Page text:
That said, being a terrorist organization is not protected by the first amendment! So should materially supporting a terrorist organization have that protection? Hmmm... I realize giving money can involve the first amendment. But can I give money to a hit man and invoke the first amendment? I don't think so.
12.14.2006 6:50pm

Yeah, I always do a ton of research before I do my religious and charitable giving. I'm sure it's the same way for everyone.

That certainly sounds like pre-911 thinking to me. I would hope that people would realize by now that it's a dangerous world and you shouldn't give money to any organization without thoroughly vetting them first.

Ultimately, the point is this: the Consitution is not a suicide pact. The Founding Fathers never imagined that one day we would be facing an enemy that flies planes into towers and seeks to infiltrate us by the most devious of means. If we have to sacrifice some of niceties of certain portions of the Bill of Rights in order to survive, then so be it.
12.14.2006 6:50pm
pcrh (mail):
Sorry, that link is broken--and I meant to emphasize the "knowingly" requirement to violate the statute. Pardon me while I drool on my keyboard in stupidity.
12.14.2006 6:52pm
David M. Nieporent (www):
Sadly, there's no way to tell whether DougJ is parodying this mindset -- if so, kudos for managing it with a straight face -- or actually is sincere.
12.14.2006 6:53pm
LizardBreath (mail):
Checking the list isn't enough -- I've had a client investigated for donating to an organization that the US Att'y's office contended was associated with an organization on the list. (A rightwing Israeli organization; the charity the client gave to was not obviously objectionable.)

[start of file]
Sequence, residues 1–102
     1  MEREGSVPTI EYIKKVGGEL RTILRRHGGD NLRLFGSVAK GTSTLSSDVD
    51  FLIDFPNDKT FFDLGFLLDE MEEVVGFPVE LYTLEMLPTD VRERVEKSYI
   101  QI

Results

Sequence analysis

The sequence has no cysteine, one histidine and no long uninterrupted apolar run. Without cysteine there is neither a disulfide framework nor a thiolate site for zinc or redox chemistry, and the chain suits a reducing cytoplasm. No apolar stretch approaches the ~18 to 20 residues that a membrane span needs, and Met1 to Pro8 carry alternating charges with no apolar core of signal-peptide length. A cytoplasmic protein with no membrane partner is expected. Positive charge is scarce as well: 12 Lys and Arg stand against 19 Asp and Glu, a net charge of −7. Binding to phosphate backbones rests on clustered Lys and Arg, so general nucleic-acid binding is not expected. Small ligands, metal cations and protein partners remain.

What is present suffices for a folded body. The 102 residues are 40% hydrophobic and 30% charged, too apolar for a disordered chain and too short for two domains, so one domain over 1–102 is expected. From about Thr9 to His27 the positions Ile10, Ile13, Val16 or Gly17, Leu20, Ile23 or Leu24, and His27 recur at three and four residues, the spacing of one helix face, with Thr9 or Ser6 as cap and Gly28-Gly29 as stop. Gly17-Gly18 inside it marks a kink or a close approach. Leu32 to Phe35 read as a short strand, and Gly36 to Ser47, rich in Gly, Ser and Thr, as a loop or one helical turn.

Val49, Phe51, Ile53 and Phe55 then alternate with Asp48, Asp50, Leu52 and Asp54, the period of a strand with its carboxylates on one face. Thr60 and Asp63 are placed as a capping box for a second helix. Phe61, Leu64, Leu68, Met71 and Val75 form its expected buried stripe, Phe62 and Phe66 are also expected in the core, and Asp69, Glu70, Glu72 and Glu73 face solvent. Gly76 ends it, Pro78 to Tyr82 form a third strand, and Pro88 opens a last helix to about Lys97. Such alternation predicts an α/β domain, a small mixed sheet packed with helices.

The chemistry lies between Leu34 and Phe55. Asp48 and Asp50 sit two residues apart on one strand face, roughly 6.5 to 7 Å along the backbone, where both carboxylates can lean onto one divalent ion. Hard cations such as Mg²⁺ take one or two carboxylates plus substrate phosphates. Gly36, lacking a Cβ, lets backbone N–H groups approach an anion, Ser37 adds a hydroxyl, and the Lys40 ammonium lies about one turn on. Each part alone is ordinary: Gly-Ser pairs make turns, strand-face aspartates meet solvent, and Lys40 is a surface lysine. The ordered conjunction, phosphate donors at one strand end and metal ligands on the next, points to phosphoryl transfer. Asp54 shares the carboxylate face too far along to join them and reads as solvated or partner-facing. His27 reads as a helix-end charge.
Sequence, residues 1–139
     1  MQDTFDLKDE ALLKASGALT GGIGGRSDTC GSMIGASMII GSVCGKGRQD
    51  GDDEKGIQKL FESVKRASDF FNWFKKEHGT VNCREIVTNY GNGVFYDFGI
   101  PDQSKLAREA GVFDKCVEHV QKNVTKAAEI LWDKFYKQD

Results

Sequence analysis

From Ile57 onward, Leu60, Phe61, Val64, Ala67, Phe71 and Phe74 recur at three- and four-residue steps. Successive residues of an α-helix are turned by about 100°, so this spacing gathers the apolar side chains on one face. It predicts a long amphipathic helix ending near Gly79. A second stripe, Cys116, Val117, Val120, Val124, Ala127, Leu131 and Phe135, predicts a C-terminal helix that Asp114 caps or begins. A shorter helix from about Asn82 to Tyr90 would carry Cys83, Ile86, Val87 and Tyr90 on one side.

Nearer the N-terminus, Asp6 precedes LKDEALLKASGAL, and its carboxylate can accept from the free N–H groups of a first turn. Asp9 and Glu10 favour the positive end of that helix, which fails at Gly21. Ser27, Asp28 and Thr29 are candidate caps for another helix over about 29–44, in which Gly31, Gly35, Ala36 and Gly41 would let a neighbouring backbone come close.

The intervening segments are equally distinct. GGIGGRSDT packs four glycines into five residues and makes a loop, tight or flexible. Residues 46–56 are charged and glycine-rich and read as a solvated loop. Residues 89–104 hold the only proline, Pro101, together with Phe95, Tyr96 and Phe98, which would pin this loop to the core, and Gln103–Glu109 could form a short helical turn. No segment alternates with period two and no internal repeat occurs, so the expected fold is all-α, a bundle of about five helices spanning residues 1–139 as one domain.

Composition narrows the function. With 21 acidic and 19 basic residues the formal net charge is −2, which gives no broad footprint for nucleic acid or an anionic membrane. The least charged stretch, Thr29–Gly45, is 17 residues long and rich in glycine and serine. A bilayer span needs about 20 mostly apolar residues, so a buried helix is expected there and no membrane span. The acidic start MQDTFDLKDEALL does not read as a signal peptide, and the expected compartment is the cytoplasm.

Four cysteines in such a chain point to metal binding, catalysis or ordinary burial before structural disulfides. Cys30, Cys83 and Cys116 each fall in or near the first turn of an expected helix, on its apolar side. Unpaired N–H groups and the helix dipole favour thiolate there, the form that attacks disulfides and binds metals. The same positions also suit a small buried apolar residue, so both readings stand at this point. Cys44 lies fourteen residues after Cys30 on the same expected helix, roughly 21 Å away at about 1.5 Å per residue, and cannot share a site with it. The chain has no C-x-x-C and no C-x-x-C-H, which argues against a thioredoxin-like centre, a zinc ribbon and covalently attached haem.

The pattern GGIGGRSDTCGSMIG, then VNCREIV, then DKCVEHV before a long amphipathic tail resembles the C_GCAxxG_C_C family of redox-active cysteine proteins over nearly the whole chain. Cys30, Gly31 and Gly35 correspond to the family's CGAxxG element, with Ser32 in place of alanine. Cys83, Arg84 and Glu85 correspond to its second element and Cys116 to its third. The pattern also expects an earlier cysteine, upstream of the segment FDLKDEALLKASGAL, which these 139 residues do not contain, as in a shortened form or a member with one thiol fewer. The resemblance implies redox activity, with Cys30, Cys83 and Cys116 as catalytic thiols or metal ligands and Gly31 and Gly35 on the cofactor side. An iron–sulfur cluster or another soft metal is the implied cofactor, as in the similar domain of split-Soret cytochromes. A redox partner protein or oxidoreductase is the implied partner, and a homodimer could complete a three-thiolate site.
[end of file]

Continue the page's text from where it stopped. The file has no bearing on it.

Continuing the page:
12.14.2006 7:12pm
Mark Field (mail):

Sadly, there's no way to tell whether DougJ is parodying this mindset -- if so, kudos for managing it with a straight face -- or actually is sincere.

The former, David. DougJ is very good at this.
12.14.2006 7:19pm
Average Joe (mail):
David M. Nieporent,
Mark Field is correct; DougJ is a parody. It appears to me that he is trying to be the Steve Colbert of the Volokh Conspiracy. He had a great deal of "fun" with Orin Kerr's "Sarcasm Is Not An Argument" post, as you can imagine. I have also seen his comments at other posts. As Mark Field notes, he is very good at what he does, but, in this forum at least, I find his comments quickly become tiresome and tedious. I prize the comment threads at the Volokh Conspiracy for the informed and intellegent commentary by commenters who post in good faith and assume good faith, intelligence, and good will on the part of those who disagree with them. In my own debates I have also found that such good faith arguments require more intellectual effort than parodies of the opposing point of view, even excellent parodies such as those of DougJ. Although others may disagree I almost always appreciate the honest opinions of people like Mark Field and David M. Nieporent (and many others) more than even very clever parodies.

Speaking of which ... Eugene has brought up fascinating topic and I am sure that everyone here can make more interesting (good faith) comments on it than me ...
12.14.2006 9:05pm
Bobbie (mail):
Interesting to note that the four of the most liberal -- and certainly the three most liberal -- members of the Ninth Circuit joined the dissent. I'm surprised this case wasn't taken en banc.
12.14.2006 9:11pm
Although there's some sarcasm back and forth, no one actually answers Bored Lawyer's question. Why is it unfair for the government to prohibit contributions to organizations that it has publicly designated as terrorist?